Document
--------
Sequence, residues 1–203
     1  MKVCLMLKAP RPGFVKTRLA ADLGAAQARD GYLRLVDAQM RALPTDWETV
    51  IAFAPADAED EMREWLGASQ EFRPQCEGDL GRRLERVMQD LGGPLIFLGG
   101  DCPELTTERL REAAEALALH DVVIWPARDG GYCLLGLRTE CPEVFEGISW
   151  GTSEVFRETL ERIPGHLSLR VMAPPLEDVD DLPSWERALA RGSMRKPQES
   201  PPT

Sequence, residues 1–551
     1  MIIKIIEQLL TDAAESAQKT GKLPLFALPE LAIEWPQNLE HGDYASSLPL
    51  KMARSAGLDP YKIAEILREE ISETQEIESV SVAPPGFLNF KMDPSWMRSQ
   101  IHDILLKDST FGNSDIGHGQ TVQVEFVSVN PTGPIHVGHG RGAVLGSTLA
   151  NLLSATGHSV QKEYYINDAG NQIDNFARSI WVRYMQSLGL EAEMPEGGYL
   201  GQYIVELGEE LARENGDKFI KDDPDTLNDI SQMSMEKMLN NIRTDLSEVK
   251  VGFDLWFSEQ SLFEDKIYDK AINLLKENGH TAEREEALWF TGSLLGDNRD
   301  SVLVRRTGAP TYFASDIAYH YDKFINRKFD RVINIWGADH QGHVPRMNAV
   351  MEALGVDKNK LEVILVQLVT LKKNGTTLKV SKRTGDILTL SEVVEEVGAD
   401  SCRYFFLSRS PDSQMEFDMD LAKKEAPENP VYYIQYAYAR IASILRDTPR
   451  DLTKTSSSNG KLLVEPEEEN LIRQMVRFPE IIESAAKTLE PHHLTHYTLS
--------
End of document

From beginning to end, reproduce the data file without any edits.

Sequence, residues 1–203
     1  MKVCLMLKAP RPGFVKTRLA ADLGAAQARD GYLRLVDAQM RALPTDWETV
    51  IAFAPADAED EMREWLGASQ EFRPQCEGDL GRRLERVMQD LGGPLIFLGG
   101  DCPELTTERL REAAEALALH DVVIWPARDG GYCLLGLRTE CPEVFEGISW
   151  GTSEVFRETL ERIPGHLSLR VMAPPLEDVD DLPSWERALA RGSMRKPQES
   201  PPT

Sequence, residues 1–551
     1  MIIKIIEQLL TDAAESAQKT GKLPLFALPE LAIEWPQNLE HGDYASSLPL
    51  KMARSAGLDP YKIAEILREE ISETQEIESV SVAPPGFLNF KMDPSWMRSQ
   101  IHDILLKDST FGNSDIGHGQ TVQVEFVSVN PTGPIHVGHG RGAVLGSTLA
   151  NLLSATGHSV QKEYYINDAG NQIDNFARSI WVRYMQSLGL EAEMPEGGYL
   201  GQYIVELGEE LARENGDKFI KDDPDTLNDI SQMSMEKMLN NIRTDLSEVK
   251  VGFDLWFSEQ SLFEDKIYDK AINLLKENGH TAEREEALWF TGSLLGDNRD
   301  SVLVRRTGAP TYFASDIAYH YDKFINRKFD RVINIWGADH QGHVPRMNAV
   351  MEALGVDKNK LEVILVQLVT LKKNGTTLKV SKRTGDILTL SEVVEEVGAD
   401  SCRYFFLSRS PDSQMEFDMD LAKKEAPENP VYYIQYAYAR IASILRDTPR
   451  DLTKTSSSNG KLLVEPEEEN LIRQMVRFPE IIESAAKTLE PHHLTHYTLS